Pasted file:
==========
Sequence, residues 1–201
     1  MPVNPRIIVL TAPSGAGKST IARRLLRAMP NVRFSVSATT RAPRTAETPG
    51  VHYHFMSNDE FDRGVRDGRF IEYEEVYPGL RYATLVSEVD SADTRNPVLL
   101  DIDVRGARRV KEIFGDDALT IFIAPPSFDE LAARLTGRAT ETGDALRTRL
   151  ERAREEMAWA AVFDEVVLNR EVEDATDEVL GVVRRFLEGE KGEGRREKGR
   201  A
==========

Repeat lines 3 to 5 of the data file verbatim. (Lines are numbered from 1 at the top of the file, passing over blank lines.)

    51  VHYHFMSNDE FDRGVRDGRF IEYEEVYPGL RYATLVSEVD SADTRNPVLL
   101  DIDVRGARRV KEIFGDDALT IFIAPPSFDE LAARLTGRAT ETGDALRTRL
   151  ERAREEMAWA AVFDEVVLNR EVEDATDEVL GVVRRFLEGE KGEGRREKGR